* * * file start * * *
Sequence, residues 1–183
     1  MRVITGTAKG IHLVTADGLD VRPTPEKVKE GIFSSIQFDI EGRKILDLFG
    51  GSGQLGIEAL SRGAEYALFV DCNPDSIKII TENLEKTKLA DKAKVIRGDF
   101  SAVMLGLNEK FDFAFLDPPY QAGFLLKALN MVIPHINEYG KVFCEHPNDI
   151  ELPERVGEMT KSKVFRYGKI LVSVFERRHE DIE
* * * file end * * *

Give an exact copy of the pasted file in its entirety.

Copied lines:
Sequence, residues 1–183
     1  MRVITGTAKG IHLVTADGLD VRPTPEKVKE GIFSSIQFDI EGRKILDLFG
    51  GSGQLGIEAL SRGAEYALFV DCNPDSIKII TENLEKTKLA DKAKVIRGDF
   101  SAVMLGLNEK FDFAFLDPPY QAGFLLKALN MVIPHINEYG KVFCEHPNDI
   151  ELPERVGEMT KSKVFRYGKI LVSVFERRHE DIE